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Rep. Hicks-Hudson says Republicans negligent in delay on public submission for congressional maps

Legislature has until Sept. 30 to adopt congressional maps
September 22, 2021
Democrat Newsroom

State Rep. Paula Hicks-Hudson (D-Toledo) issued a statement Wednesday as the House concurred to Senate changes on House Bill 92, which includes added emergency language to comply with voter-initiated requirements for public submission of congressional maps via an online portal. Rep. Hicks-Hudson introduced sweeping legislation in May, 2021 that would have gone further to support public submission and require more transparency in the redistricting process. The legislature has until Sept. 30 to adopt congressional maps.

“We’re a week from the legislature’s deadline to adopt a long-term, bipartisan congressional district map, but Republicans are only now getting around to doing something that should have happened months ago to allow for Ohioans to propose and submit maps. This is a day late and a dollar short,” said Rep. Hicks-Hudson. “Ohioans demanded we do it differently this time, but we’ve seen Statehouse Republicans continue to miss deadlines and drag their feet on making this process work for the people. Democrats and Ohioans want to see a fair, open and transparent process, but Republicans need to be a willing partner in that. What we’ve seen so far falls far short of that objective.”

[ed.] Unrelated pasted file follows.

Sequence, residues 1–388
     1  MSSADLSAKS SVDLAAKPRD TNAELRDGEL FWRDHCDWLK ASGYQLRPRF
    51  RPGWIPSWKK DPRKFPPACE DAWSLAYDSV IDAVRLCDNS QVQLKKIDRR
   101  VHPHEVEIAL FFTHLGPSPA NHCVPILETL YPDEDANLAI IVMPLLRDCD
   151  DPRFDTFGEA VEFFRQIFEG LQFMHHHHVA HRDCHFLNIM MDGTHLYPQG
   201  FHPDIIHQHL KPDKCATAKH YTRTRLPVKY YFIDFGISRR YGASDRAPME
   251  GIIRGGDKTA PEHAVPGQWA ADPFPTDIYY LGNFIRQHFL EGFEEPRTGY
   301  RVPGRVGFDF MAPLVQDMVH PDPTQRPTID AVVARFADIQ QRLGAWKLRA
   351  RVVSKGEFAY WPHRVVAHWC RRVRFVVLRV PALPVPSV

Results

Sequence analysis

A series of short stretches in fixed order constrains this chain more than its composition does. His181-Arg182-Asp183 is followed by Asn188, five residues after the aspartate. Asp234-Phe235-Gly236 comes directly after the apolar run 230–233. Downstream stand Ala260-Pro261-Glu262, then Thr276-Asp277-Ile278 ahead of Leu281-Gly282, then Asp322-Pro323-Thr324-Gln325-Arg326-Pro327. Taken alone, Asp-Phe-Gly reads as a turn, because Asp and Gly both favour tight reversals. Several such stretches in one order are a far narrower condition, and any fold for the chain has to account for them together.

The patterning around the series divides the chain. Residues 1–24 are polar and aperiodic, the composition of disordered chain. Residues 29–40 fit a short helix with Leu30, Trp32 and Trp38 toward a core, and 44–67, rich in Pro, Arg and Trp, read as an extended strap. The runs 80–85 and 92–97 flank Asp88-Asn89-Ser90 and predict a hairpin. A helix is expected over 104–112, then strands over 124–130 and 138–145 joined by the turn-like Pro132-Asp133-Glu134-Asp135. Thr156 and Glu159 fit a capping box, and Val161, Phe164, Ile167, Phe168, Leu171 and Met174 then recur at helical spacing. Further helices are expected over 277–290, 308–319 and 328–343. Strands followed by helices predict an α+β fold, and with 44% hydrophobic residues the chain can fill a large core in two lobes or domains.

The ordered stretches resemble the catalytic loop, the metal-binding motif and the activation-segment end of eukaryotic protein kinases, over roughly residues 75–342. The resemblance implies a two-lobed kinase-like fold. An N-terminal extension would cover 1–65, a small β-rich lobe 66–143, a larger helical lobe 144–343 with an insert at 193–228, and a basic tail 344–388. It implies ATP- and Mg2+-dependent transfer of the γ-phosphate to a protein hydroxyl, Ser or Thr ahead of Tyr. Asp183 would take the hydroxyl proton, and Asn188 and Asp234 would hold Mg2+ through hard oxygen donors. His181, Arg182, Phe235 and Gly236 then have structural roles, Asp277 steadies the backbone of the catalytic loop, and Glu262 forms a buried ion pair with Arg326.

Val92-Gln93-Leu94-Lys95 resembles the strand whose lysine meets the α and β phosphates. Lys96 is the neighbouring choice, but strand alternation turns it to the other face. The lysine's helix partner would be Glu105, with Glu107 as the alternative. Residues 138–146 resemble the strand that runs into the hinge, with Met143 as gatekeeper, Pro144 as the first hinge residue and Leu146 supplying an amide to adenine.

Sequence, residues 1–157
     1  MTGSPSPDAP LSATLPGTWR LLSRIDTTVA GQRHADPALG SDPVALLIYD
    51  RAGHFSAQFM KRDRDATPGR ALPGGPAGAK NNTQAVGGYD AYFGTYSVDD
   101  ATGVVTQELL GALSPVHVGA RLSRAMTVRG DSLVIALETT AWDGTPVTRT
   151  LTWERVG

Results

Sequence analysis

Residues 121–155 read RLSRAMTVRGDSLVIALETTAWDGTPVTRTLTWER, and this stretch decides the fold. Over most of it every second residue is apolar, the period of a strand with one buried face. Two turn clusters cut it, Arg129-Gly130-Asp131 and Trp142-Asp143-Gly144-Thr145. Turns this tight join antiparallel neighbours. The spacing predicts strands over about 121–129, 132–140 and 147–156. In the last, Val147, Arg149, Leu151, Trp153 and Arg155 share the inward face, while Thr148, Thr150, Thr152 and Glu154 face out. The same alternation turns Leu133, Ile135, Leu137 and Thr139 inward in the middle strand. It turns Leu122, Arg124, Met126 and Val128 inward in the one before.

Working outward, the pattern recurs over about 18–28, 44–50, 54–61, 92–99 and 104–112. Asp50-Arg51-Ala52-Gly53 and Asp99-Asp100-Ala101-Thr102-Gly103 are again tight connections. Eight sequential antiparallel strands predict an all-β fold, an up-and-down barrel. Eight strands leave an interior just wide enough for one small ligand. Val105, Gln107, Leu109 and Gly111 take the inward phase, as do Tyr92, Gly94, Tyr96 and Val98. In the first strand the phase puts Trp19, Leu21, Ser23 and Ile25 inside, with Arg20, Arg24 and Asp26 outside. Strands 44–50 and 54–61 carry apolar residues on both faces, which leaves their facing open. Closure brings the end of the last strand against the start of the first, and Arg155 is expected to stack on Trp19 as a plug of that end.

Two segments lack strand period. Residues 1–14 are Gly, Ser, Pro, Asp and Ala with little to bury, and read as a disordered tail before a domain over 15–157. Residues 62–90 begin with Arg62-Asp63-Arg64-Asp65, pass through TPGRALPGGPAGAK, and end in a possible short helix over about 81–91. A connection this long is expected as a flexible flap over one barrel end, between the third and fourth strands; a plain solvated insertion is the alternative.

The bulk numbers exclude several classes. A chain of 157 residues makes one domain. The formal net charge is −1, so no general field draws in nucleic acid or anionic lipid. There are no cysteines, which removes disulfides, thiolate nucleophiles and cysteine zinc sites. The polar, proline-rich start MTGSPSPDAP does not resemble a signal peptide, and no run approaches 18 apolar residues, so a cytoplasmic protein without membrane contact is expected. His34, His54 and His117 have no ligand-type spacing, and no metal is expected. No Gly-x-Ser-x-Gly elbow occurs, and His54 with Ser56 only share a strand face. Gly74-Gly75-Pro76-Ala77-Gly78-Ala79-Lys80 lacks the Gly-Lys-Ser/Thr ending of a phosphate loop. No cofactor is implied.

Rep. Hicks-Hudson introduced House Bill 313 in May, but it has yet to receive a hearing in the House Government Oversight Committee. The bill would strengthen transparency requirements in the redistricting process and allow for the creation of an online public submission portal. Other provisions of the bill would set requirements regarding public records, public meetings, and funding which the legislature would need to follow to meet the Constitutional obligations mandated by voters in 2015 and 2018.  

HB 313 would also create the constitutionally required joint legislative committee to hold hearings on new congressional district maps. To date, Republican leaders have not convened a joint committee. The deadline for the legislature to adopt a bipartisan, 10-year plan is Sept. 30.